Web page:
Urging governments to relieve suffering and ensure the right to palliative care
|Working together to advocate access to palliative care as a human right:
- European Association for Palliative Care (EAPC)
- International Association for Palliative Care (IAHPC)
- Worldwide Palliative Care Alliance (WPCA) and
- Human Rights Watch (HRW)
- The Union for International Cancer Control (UICC)
Access to palliative care is a human right under the right to the highest attainable standard of physical and mental health. In certain cases where patients face severe pain, failure to provide palliative care can also constitute cruel, inhuman or degrading treatment. Palliative care can effectively relieve or even prevent this suffering and can be provided at comparably low cost.
Yet, the governments of many countries throughout the world have not taken steps to ensure patients can realize this right. In many countries palliative care is not available at all or access to it is very limited. This causes millions of severely ill or dying people to suffer from pain and other preventable or treatable symptoms. This is true not only for patients with cancer but also for those with advanced heart, lung or kidney diseases, and progressive neurological diseases or from treatment resistant infectious diseases such as HIV /AIDS or tuberculosis. Palliative care also offers improved quality of life even for people in late stage dementia.
1. Governments should develop health policies that address the needs of patients with life-limiting or terminal illnesses
- Governments should develop comprehensive health care policies that provide for integrated palliative care, along with other forms of health services,
- Governments should ensure that the laws include support to the relatives of patients during the time of care and after the time of death.
2. Governments should ensure access to essential medicines, including controlled medications, to all who need them
- Governments should identify and eliminate unduly restrictive barriers which impede access to controlled medications for legitimate medical use,
- Governments should ensure that they develop an appropriate system for estimating their need for such medications so as to ensure that availability is guaranteed without interruption,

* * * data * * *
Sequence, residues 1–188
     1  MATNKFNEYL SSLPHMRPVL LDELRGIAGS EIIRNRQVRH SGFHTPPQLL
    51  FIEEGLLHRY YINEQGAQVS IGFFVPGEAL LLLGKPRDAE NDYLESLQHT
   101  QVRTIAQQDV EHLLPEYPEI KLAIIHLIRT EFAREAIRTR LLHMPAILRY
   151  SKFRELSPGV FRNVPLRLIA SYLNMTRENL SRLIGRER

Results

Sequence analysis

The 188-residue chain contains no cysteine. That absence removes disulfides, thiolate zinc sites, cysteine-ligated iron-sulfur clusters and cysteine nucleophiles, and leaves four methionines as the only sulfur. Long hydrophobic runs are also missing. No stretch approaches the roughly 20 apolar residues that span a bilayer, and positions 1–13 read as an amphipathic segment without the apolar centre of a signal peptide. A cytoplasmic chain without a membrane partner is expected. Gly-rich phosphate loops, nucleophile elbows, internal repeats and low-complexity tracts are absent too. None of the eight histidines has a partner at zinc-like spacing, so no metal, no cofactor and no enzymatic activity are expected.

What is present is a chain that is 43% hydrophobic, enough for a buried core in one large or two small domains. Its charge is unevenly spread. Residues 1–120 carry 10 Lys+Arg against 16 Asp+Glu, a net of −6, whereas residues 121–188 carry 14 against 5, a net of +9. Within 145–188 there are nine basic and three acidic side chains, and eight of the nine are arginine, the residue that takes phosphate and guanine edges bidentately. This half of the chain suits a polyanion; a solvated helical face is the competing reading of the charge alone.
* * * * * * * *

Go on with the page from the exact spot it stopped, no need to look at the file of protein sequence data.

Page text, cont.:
- Governments should ensure that they establish safe and secure distribution and dispensation systems so that patients can access the opioid medications regardless of their prognosis, place of treatment or geographic location.
3. Governments should ensure that healthcare workers receive adequate training on palliative care and pain management at undergraduate and subsequent levels.
- Governments should adopt the necessary changes in the training curricula for healthcare providers (medical, nursing, pharmacy, psychology, etc) at undergraduate levels to ensure that all healthcare workers obtain basic knowledge about palliative care and are able to provide it to patients regardless of where in the healthcare system they work,
- Governments should support the development and implementation of postgraduate and specialty palliative care programs so that patients with complex cases can receive appropriate care,
- Governments should ensure that adequate continuing education courses in palliative care are available to current healthcare workers.
4. Governments should ensure the integration palliative care into healthcare systems at all levels.
- Governments should design and develop plans to create and implement palliative care units, groups and programs according to morbidity and mortality indicators, and population dispersion data.
Please read the compelling true stories from all over the world which demonstrate the importance of palliative care being accessible to all who need it!
Please see also the Prague Charter Translations.
Open Society Foundations: Health and human rights – a resource guide
This comprehensive document provides in chapter 4 background information on the international legal covenants and resolutions that confirm palliative care as a human right. The document is available online and as a download pdf-file, in English, Russian, Spanish and some other languages.
United Nations. Universal declaration of human rights
Cruel, inhuman and degrading treatment is prohibited under article 5 of the Universal Declaration of Human Rights proclaimed by the United Nations (UN) in 1948.
United Nations. International covenant for civil and political rights
Cruel, inhuman and degrading treatment is also prohibited under article 7 of the International Covenant for civil and political rights from 1966.
United Nations. International covenant on economic, social and cultural rights
Failure to ensure access to palliative care violates the human right to the enjoyment of the highest attainable standard of physical and mental health, as specified in article 12 of the International Covenant on Economic, Social and Cultural Rights from 1966.
International Association for Hospice and Palliative Care. Joint Declaration and Statement of Commitment on Palliative Care and Pain Treatment as Human Rights
This declaration was released in 2009 and forms the basis of the Prague Charter.